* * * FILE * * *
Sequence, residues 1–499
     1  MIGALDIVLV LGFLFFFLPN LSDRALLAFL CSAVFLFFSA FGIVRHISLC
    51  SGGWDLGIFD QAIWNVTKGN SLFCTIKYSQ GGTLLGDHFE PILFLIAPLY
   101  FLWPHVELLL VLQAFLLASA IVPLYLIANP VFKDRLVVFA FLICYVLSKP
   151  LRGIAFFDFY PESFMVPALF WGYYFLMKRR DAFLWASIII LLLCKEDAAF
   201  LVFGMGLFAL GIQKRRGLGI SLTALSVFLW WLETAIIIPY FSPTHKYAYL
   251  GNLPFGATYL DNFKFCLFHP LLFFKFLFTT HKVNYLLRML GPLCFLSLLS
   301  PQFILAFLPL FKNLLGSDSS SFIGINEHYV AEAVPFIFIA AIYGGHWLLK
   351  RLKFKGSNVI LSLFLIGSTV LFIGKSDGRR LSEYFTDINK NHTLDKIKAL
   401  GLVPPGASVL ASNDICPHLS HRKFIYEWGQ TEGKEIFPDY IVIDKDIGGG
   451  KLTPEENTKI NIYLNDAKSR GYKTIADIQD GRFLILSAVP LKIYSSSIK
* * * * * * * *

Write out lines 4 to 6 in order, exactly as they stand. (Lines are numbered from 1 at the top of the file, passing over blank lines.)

   101  FLWPHVELLL VLQAFLLASA IVPLYLIANP VFKDRLVVFA FLICYVLSKP
   151  LRGIAFFDFY PESFMVPALF WGYYFLMKRR DAFLWASIII LLLCKEDAAF
   201  LVFGMGLFAL GIQKRRGLGI SLTALSVFLW WLETAIIIPY FSPTHKYAYL